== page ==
This afternoon I went to the grocery store (Food Pavilion) and while I was shopping I noticed that the piped-in store music was instrumental and melodic, older tunes that I recognized but that were from my parents' era, sort of big-bandish. It was almost like Muzak, the store music of my youth. I liked it.
There are times when I'm in a grocery store and the music is so pounding that I think, Please. We're rocking out a bit too much, here.
Coincidentally, I recently read an article about supermarket music that linked to a much longer article by Mark Steyn about Alan Bloom's The Closing of the American Mind. It contains this paragraph:
But Bloom is writing about rock music the way someone from the pre-rock generation experiences it. You’ve no interest in the stuff, you don’t buy the albums, you don’t tune to the radio stations, you would never knowingly seek out a rock and roll experience—and yet it’s all around you. You go to buy some socks, and it’s playing in the store. You get on the red eye to Heathrow, and they pump it into the cabin before you take off. I was filling up at a gas station the other day and I noticed that outside, at the pump, they now pipe pop music at you. This is one of the most constant forms of cultural dislocation anybody of the pre-Bloom generation faces: Most of us have prejudices: we may not like ballet or golf, but we don’t have to worry about going to the deli and ordering a ham on rye while some ninny in tights prances around us or a fellow in plus-fours tries to chip it out of the rough behind the salad bar. Yet, in the course of a day, any number of non-rock-related transactions are accompanied by rock music. I was at the airport last week, sitting at the gate, and over the transom some woman was singing about having two lovers and being very happy about it. And we all sat there as if it’s perfectly routine. To the pre-Bloom generation, it’s very weird—though, as he notes, “It may well be that a society’s greatest madness seems normal to itself.” Whether or not rock music is the soundtrack for the age that its more ambitious proponents tout it as, it’s a literal soundtrack: it’s like being in a movie with a really bad score.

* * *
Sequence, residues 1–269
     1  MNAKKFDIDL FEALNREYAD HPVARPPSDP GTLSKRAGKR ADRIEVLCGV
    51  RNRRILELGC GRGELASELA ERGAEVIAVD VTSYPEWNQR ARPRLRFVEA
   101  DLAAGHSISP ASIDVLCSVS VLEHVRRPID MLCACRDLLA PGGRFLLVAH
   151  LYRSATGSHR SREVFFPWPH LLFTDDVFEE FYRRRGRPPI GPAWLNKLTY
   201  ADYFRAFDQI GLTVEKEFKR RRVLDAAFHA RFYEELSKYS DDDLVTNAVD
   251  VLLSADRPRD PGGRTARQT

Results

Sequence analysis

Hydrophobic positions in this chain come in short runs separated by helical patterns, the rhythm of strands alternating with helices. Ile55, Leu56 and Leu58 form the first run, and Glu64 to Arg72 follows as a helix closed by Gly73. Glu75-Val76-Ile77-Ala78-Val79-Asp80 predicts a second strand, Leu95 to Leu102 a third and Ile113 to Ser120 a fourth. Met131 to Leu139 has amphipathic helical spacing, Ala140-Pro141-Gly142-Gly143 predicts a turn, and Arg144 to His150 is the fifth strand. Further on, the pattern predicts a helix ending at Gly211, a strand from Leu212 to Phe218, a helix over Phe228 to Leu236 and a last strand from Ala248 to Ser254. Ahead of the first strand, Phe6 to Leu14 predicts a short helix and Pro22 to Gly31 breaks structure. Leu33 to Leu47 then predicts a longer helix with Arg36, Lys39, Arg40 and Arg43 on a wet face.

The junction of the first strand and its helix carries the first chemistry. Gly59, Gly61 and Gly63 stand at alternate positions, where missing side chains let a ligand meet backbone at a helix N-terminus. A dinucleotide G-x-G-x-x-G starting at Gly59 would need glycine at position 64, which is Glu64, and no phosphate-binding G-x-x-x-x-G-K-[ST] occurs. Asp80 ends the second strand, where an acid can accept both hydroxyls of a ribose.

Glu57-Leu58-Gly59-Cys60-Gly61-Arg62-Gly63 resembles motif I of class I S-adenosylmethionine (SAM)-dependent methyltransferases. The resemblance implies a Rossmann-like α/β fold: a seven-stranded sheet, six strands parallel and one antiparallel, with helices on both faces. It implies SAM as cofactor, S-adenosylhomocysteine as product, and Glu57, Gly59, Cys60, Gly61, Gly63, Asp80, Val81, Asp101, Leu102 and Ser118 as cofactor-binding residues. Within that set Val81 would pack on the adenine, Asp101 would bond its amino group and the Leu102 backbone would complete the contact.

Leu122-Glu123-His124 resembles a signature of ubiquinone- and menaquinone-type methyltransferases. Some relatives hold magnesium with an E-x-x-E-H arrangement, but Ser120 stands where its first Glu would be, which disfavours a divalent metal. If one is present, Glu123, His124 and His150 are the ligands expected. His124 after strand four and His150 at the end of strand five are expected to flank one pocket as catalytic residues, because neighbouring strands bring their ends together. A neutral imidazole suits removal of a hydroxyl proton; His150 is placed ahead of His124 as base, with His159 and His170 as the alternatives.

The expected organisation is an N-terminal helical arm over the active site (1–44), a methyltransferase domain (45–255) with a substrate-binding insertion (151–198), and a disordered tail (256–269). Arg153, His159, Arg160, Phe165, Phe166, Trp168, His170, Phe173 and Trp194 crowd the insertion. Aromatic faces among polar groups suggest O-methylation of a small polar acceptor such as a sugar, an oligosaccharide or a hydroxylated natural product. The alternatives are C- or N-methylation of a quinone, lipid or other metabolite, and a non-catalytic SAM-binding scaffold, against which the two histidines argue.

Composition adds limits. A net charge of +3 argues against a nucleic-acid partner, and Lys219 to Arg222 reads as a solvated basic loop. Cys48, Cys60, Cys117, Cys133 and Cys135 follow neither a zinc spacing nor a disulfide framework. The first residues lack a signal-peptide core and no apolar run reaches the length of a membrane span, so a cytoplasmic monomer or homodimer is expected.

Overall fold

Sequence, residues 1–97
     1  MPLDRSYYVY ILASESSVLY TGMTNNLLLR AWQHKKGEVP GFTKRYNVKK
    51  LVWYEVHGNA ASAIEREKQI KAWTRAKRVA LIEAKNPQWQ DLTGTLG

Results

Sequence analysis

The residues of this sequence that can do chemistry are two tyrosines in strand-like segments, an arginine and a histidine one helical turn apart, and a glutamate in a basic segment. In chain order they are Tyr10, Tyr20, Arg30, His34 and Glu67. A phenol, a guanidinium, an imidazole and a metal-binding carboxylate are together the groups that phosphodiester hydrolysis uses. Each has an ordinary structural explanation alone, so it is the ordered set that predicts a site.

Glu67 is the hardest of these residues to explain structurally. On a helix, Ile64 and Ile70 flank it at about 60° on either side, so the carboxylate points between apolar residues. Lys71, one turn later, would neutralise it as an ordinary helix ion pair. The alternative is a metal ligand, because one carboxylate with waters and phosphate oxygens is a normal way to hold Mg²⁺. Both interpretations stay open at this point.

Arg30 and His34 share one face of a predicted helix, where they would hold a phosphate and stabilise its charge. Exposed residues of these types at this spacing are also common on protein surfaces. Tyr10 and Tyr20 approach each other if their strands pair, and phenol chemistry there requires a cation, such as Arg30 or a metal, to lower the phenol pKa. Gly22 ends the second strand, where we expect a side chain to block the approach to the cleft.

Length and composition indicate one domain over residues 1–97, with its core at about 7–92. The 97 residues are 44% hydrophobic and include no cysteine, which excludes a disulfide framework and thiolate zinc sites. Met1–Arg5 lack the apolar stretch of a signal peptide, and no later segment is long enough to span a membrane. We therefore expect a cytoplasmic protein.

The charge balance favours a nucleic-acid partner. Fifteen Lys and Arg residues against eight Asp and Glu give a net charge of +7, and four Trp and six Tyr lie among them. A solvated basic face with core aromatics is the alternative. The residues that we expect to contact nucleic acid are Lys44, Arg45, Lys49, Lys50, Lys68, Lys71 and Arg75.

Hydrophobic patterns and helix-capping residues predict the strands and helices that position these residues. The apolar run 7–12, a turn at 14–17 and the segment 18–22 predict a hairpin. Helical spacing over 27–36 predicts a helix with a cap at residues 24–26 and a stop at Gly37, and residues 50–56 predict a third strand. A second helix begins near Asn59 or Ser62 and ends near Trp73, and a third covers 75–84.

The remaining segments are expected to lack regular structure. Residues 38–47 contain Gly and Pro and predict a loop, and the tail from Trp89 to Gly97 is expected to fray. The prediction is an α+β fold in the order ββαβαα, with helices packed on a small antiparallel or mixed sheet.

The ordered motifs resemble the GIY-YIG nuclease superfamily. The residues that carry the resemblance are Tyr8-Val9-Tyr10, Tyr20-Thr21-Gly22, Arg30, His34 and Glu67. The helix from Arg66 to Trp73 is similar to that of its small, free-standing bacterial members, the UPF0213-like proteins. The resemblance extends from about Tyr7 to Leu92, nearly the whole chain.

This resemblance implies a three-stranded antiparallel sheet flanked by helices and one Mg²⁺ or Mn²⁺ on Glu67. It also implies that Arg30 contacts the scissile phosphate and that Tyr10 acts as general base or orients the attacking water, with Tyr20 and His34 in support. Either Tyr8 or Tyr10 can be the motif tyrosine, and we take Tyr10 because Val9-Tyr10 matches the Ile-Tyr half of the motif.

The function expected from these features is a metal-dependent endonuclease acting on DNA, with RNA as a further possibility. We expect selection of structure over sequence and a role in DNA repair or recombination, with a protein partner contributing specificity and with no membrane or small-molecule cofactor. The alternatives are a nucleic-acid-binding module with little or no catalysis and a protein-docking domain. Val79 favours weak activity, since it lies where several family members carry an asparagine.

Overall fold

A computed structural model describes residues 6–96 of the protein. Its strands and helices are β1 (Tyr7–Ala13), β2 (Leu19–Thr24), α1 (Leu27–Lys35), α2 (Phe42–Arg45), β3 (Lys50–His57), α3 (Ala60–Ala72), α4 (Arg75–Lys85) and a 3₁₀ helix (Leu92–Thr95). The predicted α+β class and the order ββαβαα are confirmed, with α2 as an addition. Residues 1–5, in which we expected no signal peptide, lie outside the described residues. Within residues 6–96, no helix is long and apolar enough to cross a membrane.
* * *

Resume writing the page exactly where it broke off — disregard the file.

I don't like loudness in general. I dislike it in restaurants when music plays so loudly that you have to bellow at the friends with whom you dine. It's not just loud music; I like less noise in general. I commute about half and hour each direction to work, and I generally don't turn on the radio. Even audio recordings of books get on my nerves after a while--this voice going on and on.
So I guess my attitude toward background music is: If you must have it, then let it be as unintrusive as possible.